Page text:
What if we told you, taking a few extra minutes each day (microwaves don’t count) to make a healthy breakfast or lunch before work will buy you more years to live? Americans are always in a rush these days, and social media and ever-improving technology are accommodating to our manic urgency to have everything bigger, better, faster, stronger. Smartphone applications and wave-to-pay credit card machines make it easy for us not to think twice about our order. Don’t get me wrong, accessibility and convenience are two of my favorite words when it comes to many things in life—but not health. “‘If you go with the flow in America today, you will end up overweight or obese, as two-thirds of all adults do,’” Thomas Frieden, director of the Centers for Disease Control and Prevention, tells USA Today. While it is hard to break out of the steady flow that so many of us have gotten sucked into, we’re prepared to give you a little push.
A favorite excuse for putting our health on the back burner is, “I can’t afford it.” I recently saw a reality show, featuring a family who is building the biggest home in America, where the matriarch of the family ordered her children chicken nuggets. If this millionaire can afford to make the wrong decisions, we can afford to make the right decisions. Ultimately, living a healthy and green life will be your decision and will happen when you’re ready to make a change, if you haven’t already. However when it comes to our children, we need to be aware of the foundation we’re creating for the rest of their lives. As busy as parents are, there should be something gratifying and joyful about making your children’s lunch before school. Flashbacks to my middle school days (pink and purple braces deliberately blocked out) include lovingly wrapped, crust-free PB&J’s, baby carrots, and a smiley face sticky note. It turns out today you can buy a pre-made frozen PB&J crust-free. But convenience comes at a high price; by buying into these quick fixes we are feeding ourselves and our children with chemicals and sugar with consequences that far outweigh the benefit of beating the morning commute.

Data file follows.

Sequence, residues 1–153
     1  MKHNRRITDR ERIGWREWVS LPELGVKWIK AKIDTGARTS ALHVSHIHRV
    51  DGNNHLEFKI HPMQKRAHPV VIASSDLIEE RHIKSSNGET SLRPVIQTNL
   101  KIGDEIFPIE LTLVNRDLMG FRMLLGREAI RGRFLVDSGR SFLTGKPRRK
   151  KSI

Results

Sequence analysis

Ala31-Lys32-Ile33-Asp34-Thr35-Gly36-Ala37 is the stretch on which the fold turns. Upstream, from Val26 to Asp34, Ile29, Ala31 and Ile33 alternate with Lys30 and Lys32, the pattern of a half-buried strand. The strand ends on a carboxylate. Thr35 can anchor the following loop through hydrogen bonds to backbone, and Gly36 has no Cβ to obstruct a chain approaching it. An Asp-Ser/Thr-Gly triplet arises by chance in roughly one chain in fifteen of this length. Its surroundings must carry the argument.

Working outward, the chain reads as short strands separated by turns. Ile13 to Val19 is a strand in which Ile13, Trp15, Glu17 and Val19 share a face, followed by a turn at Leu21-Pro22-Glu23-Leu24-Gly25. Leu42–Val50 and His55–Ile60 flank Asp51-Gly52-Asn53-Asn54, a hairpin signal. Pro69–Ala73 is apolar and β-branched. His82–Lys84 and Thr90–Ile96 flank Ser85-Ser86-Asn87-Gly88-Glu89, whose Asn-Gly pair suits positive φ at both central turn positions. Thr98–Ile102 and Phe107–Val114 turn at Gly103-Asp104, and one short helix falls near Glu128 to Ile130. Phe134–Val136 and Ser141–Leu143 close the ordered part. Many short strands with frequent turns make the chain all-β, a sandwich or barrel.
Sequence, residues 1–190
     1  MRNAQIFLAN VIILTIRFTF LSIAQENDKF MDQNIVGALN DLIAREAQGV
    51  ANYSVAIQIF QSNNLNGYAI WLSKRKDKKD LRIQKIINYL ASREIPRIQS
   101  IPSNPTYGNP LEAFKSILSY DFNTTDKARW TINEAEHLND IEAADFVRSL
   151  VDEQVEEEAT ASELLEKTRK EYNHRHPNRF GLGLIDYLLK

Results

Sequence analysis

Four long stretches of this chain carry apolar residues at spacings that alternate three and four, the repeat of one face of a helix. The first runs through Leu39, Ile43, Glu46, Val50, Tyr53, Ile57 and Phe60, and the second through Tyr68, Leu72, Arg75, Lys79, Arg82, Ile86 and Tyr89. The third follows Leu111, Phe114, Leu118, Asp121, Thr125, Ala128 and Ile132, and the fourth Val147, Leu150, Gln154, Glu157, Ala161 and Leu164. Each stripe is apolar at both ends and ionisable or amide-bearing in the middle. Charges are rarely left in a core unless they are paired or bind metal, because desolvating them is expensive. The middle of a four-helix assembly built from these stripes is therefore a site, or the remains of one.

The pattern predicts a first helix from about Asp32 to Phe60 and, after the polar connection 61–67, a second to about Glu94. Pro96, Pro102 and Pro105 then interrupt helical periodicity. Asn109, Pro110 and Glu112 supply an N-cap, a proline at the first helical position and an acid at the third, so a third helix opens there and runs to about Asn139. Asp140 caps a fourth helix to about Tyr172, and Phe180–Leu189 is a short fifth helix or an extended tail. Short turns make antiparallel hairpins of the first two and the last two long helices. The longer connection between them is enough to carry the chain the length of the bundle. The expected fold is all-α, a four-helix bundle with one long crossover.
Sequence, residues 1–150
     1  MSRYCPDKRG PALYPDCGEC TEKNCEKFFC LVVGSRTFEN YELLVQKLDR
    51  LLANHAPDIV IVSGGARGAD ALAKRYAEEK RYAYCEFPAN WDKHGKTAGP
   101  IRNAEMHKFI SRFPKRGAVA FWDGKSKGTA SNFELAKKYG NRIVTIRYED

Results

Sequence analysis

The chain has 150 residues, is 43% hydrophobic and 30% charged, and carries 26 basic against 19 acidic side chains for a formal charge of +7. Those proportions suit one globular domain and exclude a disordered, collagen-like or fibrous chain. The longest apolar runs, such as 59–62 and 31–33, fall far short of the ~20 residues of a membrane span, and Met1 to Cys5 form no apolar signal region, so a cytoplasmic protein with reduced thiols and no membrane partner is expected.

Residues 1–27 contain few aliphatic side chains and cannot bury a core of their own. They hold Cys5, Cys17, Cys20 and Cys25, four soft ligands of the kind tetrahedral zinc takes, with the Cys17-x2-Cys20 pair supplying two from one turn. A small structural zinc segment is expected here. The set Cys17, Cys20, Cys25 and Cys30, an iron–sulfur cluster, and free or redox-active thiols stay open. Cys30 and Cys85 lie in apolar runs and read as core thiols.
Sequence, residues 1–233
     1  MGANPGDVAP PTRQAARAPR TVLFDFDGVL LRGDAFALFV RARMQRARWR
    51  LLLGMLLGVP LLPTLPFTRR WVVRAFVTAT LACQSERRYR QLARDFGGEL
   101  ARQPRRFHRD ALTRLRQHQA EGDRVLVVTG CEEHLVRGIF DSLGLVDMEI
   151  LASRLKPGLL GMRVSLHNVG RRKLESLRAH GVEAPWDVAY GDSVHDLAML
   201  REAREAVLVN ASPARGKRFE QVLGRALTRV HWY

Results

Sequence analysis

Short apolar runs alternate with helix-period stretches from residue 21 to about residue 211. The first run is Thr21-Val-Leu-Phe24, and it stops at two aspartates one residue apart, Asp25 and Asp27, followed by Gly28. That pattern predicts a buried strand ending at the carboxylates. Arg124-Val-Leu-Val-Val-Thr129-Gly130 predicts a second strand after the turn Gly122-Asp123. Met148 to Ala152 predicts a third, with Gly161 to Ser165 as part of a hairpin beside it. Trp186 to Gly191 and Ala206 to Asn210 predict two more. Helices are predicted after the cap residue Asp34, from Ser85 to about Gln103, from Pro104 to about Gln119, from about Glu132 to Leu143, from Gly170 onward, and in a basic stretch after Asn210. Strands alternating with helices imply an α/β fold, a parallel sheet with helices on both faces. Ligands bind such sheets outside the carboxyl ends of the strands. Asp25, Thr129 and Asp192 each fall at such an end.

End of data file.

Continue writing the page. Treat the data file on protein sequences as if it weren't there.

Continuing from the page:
So let’s call this your ‘green investment,’ use the same cash you would spend on frozen meals and buy the real stuff. It is important to take the time and find joy in feeding our bodies with natural, real foods—life is our biggest investment, after all.